Wednesday, August 06, 2008

BPN 1181 Watch out for the Google Street View car

If you are living in Holland or are visiting the Low Countries, watch out: the ET-like Google Street View car is in Holland! Stay inside; if you have to go out, cover your face with a mask or even better, dress up in a burka. Otherwise, you might be the laughing stock for the years to come or worse your marriage might end as you were not able to explain why you were in the same suspicious place as that strange ET car of Google Street View. Can you imagine, telling at a party that your marriage of 30 years was wrecked by a Google car!

At least the people in Amsterdam and Rotterdam might be safe by the end of this month. Since May the Google Street View cars are driving around in those cities and are recording street by street, so that anyone with internet can see in what street you live or are supposed to live. Instead of having a panoramic view, you can get a view as if you were driving through the street or do virtual walks from the train station to your house.

Street View was launched in the USA in the Spring of 2007 and started with the cities of San Francisco, New York City, Denver, Miami and Las Vegas and is now operational in Australia, Asia and Europe. The programme was already active in France; there was even a Street VIew programme for the Tour de France (even after the Tour you can relive the full edition). More recently the programme was started in the UK, where a weblogger had a talk with one of the drivers. And now Holland is being recorded. (Just search on Goggle for Google Street View car and you will see a line up of various camera devices; the one on the picture comes from the UK).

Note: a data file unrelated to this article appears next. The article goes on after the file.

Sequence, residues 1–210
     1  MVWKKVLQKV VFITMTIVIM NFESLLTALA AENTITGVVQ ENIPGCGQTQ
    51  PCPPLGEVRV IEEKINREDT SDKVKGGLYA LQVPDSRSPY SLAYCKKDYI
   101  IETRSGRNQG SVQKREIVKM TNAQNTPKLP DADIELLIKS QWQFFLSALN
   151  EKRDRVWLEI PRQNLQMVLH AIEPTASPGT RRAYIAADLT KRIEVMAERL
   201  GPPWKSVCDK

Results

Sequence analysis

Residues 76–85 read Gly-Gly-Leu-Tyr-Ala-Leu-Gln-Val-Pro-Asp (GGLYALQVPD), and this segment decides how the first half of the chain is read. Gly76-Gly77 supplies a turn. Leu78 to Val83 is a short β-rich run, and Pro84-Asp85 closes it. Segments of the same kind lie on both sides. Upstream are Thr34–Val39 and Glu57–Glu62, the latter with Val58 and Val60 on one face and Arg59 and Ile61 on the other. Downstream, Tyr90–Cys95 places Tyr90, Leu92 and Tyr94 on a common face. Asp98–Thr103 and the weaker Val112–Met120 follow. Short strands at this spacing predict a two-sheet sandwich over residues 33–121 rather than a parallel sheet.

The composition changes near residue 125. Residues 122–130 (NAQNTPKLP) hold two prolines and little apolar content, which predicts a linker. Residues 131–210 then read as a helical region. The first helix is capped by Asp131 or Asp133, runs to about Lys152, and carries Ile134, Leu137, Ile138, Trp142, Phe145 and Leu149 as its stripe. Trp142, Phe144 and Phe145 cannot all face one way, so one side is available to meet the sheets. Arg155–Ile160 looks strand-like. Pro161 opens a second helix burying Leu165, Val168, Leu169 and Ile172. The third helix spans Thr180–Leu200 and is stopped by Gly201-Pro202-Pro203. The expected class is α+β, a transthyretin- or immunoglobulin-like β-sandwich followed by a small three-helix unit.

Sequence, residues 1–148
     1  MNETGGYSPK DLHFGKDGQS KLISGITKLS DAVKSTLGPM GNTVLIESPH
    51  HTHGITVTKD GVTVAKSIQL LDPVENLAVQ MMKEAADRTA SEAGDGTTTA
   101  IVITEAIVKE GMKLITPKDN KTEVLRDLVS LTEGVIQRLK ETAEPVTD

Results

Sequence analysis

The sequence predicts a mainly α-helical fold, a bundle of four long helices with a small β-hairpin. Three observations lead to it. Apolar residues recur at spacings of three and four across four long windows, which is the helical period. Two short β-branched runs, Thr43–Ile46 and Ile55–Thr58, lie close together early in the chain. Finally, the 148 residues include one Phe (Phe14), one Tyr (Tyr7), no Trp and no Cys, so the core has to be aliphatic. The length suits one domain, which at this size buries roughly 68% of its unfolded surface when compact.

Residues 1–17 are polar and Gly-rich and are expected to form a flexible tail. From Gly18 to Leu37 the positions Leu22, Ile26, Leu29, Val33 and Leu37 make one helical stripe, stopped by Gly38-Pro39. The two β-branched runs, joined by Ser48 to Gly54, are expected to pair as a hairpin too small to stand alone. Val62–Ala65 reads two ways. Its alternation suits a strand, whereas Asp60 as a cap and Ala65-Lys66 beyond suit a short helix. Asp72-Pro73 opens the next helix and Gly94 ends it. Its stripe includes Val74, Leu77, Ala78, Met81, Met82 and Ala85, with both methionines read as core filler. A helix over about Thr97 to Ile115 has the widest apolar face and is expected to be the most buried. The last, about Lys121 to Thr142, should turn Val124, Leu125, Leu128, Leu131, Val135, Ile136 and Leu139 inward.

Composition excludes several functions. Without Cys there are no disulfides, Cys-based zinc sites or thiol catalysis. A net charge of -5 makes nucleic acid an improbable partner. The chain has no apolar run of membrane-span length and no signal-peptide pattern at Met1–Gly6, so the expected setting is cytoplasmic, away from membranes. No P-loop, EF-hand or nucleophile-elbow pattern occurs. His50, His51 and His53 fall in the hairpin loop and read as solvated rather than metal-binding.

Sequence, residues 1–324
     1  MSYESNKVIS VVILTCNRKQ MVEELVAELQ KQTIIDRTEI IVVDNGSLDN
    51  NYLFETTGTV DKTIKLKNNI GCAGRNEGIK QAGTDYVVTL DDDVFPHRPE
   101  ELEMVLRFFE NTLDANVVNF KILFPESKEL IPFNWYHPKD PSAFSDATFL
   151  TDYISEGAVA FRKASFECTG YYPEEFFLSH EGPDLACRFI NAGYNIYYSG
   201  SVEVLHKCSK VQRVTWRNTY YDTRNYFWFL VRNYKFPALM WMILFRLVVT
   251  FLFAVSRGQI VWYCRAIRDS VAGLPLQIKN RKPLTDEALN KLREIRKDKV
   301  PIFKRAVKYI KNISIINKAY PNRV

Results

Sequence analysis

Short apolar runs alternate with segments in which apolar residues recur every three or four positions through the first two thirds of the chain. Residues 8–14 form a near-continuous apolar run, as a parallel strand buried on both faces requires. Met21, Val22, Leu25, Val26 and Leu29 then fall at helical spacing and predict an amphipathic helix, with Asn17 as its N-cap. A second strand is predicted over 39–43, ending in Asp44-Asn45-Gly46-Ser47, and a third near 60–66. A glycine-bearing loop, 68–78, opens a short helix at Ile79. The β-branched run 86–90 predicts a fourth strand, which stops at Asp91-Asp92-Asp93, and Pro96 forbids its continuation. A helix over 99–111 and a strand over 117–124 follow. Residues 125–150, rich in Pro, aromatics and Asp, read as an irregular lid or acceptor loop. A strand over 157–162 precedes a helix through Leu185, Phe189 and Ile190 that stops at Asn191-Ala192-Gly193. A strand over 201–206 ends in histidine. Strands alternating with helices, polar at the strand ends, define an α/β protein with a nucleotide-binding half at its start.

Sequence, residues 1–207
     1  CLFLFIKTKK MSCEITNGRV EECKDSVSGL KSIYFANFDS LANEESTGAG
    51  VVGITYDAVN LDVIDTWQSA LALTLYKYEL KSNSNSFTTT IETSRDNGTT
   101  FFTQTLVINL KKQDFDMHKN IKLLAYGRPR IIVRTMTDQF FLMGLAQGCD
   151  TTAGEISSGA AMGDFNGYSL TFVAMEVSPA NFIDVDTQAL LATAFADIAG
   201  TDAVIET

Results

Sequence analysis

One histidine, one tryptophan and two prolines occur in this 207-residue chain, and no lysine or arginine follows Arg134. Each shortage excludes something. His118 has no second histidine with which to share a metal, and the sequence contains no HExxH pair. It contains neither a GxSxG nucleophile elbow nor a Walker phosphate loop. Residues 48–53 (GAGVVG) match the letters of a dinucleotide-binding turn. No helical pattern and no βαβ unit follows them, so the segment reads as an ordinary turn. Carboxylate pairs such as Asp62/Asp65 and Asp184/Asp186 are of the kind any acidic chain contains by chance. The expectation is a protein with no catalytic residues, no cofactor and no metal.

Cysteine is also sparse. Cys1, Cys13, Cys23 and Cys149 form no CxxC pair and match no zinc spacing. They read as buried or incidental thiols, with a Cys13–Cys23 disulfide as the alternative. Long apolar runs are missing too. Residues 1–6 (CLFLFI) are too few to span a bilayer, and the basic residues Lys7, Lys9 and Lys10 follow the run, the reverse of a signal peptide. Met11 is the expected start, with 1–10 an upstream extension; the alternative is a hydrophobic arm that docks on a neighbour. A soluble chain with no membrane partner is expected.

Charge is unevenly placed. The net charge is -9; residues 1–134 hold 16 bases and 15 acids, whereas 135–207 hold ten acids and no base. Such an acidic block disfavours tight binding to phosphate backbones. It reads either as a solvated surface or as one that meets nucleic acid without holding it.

Infringement on privacy came up as a problem when the programme was introduced. A couple in Pittsburgh claims damages of 25.000 US dollars as the Google car shot photographs or part of a movie of the road in front of their house. This, while a notice board indicated that it was a private road. Google reacted rather indifferent by saying that in this modern world there is nothing like absolute privacy. But the company seems to have learned as it did go into discussion with British privacy groups and was able to reassure them with some measures. It also contacted the privacy watchdog of the European Commission and several European countries. The company reassures people that will not be recognisable and is now developing software to make faces and number plates fuzzy and unreadable. Whoever recognises him- or herself can lodge a complaint and demand the image to be removed.

It is not the first time that street film cars are touring around the Netherlands to record streets, the houses, offices, factories and parks. The first time this was happening was in 1989, when a transporter was used in Rotterdam to collect images of streets. It was a project by the former Dutch telecom monopoly PTT in cooperation with the CD-ROM producer CD-Europe. I am not completely sure anymore, but I suspect that the early navigation adapter Tele-Atlas was also involved. (BTW Not one complaint about privacy at that time!). Since 1992 the Dutch company Cyclomedia executes this type of work and has now 34 cars on the road to record the streets, one by one, for government and private companies.

Blog Posting Number: 1181

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